EBMT NEWSLETTER | June 2016 | Volume 52 - Issue 3

Important dates
At the fourth Nuclear Security Summit that took place on the 1st of April 2016 in Washington, D.C, it was stated that a likely scenario for a terrorist attack is a Radiation Dispersal Device (RDD), also known as a “dirty bomb” – this consists of using an explosion to spread radioactive material. The blast and shrapnel caused by the explosion produce the expected major health hazards.

The EBMT Nuclear Accident Committee (NAC) convened a meeting in Paris on the 3rd of June 2016 to address the radiation issues, and how they may impinge on the functions of EBMT Centres. This meeting involved a small selected panel of experts from the French Institut de Recherche Biomédicale des Armées (IRBA) and the Institut de Radioprotection et de Sûreté Nucléaire (IRSN), the German Military Bundeswehr Institute of Radiobiology (BIR), the Swedish Radiation Emergency Medicine Center (KcRN) and the National Board of Health and Welfare, the UK Public Health England (PHEng), in addition to clinical experts from the EBMT.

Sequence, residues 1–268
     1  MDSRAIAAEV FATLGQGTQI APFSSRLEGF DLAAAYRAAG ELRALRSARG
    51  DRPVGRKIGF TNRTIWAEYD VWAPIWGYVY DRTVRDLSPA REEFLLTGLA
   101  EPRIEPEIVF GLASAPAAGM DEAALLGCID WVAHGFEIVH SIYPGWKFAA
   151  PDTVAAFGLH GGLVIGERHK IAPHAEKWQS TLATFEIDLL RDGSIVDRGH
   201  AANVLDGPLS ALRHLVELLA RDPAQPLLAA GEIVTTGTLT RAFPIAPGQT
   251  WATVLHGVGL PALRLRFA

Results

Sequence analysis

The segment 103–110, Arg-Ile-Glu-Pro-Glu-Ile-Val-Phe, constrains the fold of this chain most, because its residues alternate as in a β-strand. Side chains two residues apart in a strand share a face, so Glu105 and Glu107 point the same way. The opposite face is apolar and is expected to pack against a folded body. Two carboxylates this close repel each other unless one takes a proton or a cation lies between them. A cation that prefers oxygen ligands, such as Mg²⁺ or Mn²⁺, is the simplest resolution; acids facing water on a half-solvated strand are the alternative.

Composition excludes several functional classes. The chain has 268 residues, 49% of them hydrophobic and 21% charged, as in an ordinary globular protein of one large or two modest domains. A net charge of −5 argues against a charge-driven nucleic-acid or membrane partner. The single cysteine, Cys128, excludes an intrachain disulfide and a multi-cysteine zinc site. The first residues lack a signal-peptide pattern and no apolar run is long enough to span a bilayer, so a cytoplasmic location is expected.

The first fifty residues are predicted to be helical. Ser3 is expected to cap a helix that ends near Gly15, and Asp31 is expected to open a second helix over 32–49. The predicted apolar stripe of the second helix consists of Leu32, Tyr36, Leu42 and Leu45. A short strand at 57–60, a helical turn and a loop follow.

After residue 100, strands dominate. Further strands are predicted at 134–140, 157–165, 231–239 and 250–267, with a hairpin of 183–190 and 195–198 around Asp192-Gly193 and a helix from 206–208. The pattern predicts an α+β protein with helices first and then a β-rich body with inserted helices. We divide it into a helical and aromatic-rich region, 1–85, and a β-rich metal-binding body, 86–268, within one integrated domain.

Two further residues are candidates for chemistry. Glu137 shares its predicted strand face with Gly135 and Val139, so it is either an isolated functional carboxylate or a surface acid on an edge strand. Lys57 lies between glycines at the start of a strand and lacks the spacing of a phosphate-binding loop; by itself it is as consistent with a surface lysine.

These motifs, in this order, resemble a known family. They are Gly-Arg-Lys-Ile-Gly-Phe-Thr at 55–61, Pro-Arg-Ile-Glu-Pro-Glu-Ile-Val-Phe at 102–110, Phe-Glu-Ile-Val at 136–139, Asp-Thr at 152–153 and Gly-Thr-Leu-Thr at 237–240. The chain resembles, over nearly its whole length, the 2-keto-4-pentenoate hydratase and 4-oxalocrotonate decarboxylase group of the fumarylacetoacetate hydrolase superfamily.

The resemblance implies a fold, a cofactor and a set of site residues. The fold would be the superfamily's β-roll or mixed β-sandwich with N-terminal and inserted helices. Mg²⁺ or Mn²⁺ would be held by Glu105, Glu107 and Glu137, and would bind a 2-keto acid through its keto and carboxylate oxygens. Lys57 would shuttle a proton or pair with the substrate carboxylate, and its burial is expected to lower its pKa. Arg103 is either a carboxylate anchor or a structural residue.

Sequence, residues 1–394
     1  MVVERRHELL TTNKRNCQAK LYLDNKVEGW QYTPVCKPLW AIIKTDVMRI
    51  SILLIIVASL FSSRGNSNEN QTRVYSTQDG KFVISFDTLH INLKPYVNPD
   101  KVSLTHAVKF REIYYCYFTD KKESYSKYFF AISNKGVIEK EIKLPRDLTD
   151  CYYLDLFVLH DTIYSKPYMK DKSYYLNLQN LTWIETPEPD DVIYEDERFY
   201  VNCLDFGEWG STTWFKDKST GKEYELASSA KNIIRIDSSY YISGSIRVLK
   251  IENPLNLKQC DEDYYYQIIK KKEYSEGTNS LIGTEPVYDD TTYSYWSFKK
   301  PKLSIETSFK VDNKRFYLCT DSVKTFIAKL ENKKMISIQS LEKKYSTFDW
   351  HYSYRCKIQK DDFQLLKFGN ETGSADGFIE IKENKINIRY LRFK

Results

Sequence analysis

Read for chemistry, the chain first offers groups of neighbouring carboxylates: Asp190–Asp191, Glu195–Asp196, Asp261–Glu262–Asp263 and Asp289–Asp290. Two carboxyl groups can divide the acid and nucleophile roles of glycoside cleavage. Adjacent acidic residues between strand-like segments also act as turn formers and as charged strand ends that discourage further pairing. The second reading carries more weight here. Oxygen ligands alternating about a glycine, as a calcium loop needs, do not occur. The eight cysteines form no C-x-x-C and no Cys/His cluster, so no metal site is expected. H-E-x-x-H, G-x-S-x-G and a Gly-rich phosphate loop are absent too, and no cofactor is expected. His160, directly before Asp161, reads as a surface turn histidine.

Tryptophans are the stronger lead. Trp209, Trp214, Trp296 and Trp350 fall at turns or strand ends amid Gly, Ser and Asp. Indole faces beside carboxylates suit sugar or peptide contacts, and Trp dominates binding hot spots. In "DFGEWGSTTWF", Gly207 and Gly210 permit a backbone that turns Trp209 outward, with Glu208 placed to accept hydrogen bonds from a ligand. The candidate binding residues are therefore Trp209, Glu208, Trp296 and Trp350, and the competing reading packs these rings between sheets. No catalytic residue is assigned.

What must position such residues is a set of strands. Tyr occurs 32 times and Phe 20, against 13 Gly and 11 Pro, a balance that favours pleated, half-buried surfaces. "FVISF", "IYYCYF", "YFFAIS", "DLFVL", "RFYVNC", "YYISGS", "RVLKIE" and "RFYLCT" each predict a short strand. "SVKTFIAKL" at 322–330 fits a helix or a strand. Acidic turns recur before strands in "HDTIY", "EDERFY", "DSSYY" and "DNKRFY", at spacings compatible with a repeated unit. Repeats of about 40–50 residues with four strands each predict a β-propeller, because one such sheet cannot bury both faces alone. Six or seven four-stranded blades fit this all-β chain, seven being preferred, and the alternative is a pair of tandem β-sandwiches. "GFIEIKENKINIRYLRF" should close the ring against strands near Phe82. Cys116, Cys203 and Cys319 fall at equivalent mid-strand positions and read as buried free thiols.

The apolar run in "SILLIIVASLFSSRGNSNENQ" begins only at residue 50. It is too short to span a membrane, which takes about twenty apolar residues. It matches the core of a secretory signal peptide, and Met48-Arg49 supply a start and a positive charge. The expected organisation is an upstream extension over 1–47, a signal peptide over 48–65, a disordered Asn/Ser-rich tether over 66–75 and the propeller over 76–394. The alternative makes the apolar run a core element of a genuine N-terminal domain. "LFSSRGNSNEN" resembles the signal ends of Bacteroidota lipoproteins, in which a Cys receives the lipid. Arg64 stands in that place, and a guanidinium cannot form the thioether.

The experts agreed that even though internal contamination usually does not lead to clinical symptoms in those situations, one could not exclude 100% the occurrence of acute radiation injuries and haematological syndrome in which bone marrow failure happened in the weeks following the explosion, especially if the RDD was detonated in a small room or if the victim was close to the explosion.

If such an incident occurs, we will be informing EBMT centres and provide appropriate advice from experts with information relating to the nature and outcome of victims. However the experts agreed that if the right measures - e.g. surface decontamination, removal of radioactive fragments and decorporation of internal contaminants - are taken immediately at the time of the incident, this should eliminate risk of clinically significant effects on the bone marrow.

From the EBMT President and the Nuclear Accident Committee
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